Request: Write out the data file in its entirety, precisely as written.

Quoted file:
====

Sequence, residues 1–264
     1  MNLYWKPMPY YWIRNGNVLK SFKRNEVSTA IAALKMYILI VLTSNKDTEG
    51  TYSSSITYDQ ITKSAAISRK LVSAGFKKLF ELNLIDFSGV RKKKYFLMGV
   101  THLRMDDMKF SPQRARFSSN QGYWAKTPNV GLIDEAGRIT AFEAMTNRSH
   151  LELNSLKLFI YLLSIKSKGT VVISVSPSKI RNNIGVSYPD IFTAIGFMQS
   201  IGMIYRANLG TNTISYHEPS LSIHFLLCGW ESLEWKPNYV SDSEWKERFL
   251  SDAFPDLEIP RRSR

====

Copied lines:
Sequence, residues 1–264
     1  MNLYWKPMPY YWIRNGNVLK SFKRNEVSTA IAALKMYILI VLTSNKDTEG
    51  TYSSSITYDQ ITKSAAISRK LVSAGFKKLF ELNLIDFSGV RKKKYFLMGV
   101  THLRMDDMKF SPQRARFSSN QGYWAKTPNV GLIDEAGRIT AFEAMTNRSH
   151  LELNSLKLFI YLLSIKSKGT VVISVSPSKI RNNIGVSYPD IFTAIGFMQS
   201  IGMIYRANLG TNTISYHEPS LSIHFLLCGW ESLEWKPNYV SDSEWKERFL
   251  SDAFPDLEIP RRSR